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Health department insists J&J vaccine is safe and will continue with roll-out

The health department said while the US had suspended use of the J&J vaccine for now, countries including France and Poland have 'weighed the risks and chosen to continue to provide the J&J vaccine while a rare side-effect is considered'. Stock photo.
The health department said while the US had suspended use of the J&J vaccine for now, countries including France and Poland have 'weighed the risks and chosen to continue to provide the J&J vaccine while a rare side-effect is considered'. Stock photo.
Image: 123RF/belchonock

The health department said on Friday it was confident the Johnson & Johnson (J&J) Covid-19 vaccine was safe and it would continue administering it throughout the country.

This comes after the US Centers for Disease Control said last week the Moderna and Pfizer vaccines should be used ahead of the J&J version. This is because of fears the J&J shot could, in rare instances, cause blood clots, or thrombosis.

The Moderna and Pfizer vaccines use mRNA technology.

On Friday the SA health department stood by its roll-out of the J&J vaccine, which was the first to be administered in the country under the Sisonke Trial for healthcare and related workers.

“The advisory committee on immunisation practices noted during its review that any vaccine is better than being unvaccinated, and those who are unable or unwilling to receive an mRNA vaccine would continue to have access to the J&J Covid-19 vaccine.

“The decision made in the context of rare adverse events and an abundance of mRNA vaccines in the US should not undermine the roll-out of the J&J vaccine in other parts of the world,” the department said.

It said the SA Medical Research Council (SAMRC) had analysed data from the Sisonke study, which delivered almost 500,000 doses, by monitoring adverse events (AEs).

“The frequency and incidence rate of non-serious and serious AEs were evaluated from day of first vaccination (February 17 2021) until 28 days after the final vaccination (June 15 2021). Of 477,234 participants, only 10,279 (2.2%) reported AEs. Serious side-effects were rare and occurred in only 129 healthcare workers.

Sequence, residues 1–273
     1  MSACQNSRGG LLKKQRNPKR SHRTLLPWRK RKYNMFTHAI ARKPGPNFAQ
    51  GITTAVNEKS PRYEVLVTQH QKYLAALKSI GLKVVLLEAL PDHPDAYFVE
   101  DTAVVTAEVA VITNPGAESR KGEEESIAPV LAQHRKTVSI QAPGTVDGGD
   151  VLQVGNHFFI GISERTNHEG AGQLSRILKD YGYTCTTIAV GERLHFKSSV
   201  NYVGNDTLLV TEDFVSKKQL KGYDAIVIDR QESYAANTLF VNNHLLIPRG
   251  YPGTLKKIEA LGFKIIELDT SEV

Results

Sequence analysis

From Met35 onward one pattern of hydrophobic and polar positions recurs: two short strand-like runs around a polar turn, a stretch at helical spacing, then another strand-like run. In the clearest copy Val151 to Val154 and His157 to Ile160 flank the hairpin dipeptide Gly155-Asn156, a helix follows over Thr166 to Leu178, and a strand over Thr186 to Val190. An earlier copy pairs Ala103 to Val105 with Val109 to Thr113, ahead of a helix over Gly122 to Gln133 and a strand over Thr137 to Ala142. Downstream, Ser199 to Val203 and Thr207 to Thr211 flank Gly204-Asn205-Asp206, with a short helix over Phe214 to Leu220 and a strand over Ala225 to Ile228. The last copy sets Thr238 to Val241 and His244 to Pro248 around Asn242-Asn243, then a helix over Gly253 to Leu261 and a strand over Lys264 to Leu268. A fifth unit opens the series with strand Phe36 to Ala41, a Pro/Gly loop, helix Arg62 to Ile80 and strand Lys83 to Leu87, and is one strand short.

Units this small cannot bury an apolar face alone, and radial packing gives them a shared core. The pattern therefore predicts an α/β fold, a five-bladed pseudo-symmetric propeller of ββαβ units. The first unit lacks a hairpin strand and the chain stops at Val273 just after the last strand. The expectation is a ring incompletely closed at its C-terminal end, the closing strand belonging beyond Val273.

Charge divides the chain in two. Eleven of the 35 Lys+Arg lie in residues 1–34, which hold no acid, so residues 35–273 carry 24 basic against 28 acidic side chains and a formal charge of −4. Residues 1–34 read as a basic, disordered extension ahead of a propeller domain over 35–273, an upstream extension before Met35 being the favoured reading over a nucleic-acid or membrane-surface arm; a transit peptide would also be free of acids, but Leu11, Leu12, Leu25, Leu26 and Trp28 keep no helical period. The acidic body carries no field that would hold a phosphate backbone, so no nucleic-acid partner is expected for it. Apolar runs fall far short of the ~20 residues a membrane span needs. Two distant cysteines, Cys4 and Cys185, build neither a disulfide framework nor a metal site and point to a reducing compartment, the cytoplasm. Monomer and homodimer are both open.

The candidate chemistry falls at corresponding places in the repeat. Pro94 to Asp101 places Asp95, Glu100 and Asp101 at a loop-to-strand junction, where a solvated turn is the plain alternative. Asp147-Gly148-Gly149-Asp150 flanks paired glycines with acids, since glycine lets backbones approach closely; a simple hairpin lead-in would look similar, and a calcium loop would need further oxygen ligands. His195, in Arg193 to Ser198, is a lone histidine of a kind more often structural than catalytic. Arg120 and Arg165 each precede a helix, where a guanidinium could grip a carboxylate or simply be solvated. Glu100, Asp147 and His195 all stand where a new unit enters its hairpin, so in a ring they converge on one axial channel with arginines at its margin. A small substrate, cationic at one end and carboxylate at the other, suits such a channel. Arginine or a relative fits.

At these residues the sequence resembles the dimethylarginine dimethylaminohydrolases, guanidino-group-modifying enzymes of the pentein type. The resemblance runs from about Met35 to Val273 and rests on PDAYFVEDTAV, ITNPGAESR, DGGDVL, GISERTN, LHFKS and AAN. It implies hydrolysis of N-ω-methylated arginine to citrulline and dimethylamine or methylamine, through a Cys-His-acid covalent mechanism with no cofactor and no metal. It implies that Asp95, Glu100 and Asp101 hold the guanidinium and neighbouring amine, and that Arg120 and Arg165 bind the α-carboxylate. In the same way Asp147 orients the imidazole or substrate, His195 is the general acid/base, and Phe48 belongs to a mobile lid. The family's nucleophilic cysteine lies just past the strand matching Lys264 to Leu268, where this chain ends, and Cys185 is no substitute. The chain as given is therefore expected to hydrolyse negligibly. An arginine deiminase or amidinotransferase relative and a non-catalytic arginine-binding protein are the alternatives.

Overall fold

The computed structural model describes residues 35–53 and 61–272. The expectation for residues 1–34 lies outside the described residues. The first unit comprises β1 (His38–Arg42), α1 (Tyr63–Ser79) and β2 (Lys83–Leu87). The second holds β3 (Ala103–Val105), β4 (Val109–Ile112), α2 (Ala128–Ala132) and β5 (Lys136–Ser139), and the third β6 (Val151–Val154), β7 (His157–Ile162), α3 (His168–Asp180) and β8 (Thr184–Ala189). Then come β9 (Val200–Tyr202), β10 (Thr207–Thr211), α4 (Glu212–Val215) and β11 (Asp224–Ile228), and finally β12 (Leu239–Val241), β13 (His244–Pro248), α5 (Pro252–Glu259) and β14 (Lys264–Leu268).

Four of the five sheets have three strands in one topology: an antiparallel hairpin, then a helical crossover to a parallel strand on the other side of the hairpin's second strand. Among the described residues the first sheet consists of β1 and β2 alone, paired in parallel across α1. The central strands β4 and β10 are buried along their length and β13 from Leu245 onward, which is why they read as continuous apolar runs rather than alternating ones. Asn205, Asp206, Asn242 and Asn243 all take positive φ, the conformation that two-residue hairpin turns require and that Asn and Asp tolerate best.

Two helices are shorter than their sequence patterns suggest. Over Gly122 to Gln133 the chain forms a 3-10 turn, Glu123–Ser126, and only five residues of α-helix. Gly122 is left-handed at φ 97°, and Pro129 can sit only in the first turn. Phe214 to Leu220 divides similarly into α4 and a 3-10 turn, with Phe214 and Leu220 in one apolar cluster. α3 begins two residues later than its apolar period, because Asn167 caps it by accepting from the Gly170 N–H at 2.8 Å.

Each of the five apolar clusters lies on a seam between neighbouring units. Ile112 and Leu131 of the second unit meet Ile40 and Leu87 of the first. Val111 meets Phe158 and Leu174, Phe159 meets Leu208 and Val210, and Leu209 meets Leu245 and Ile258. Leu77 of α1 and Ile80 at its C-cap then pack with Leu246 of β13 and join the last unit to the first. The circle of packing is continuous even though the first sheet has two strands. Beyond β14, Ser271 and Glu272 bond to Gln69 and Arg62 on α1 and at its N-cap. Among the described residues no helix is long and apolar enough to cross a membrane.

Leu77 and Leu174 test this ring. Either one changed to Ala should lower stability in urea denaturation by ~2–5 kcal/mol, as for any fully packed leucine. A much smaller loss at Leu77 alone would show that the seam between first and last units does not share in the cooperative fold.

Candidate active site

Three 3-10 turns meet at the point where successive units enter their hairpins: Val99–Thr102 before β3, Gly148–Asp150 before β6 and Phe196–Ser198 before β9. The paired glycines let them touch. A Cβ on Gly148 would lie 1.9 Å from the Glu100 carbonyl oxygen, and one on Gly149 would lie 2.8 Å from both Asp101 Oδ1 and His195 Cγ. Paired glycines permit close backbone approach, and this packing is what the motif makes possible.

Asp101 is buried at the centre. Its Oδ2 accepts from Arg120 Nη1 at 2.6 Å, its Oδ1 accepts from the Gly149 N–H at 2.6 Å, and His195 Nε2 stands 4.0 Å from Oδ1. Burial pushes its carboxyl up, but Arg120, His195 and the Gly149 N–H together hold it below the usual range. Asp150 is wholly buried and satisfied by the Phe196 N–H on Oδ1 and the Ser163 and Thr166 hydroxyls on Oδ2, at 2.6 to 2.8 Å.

“The most common side-effects were headaches and body aches, followed by injection site pain and fever, and most occurred within 48 hours of vaccination.

“In terms of rare events, the SAMRC saw two cases of thrombosis with thrombocytopenia syndrome (blood clotting) and four cases of Guillain-Barre Syndrome. There were no deaths due to the TTS or Guillain Barre Syndrome,” the department said.

Prof Glenda Gray, co-national investigator of the Sisonke study, was quoted as saying that serious adverse effects “occurred at lower than the expected population rates”.

Linda Gail Bekker, co-national lead of the study, said: “Our safety data demonstrates this vaccine was well tolerated and all the rare events associated with the J&J vaccine were well managed, demonstrating that in low and middle income countries, this single dose vaccine has great utility.” 

The health department said while the US had suspended use of the J&J vaccine, countries including France and Poland have “weighed the risks and chosen to continue to provide the J&J vaccine while this rare side effect is considered”.

“The department of health is satisfied the J&J vaccine continues to provide much hope to South Africans. This data and evidence from international data is being evaluated by the SA Health Products Authority.”

TimesLIVE

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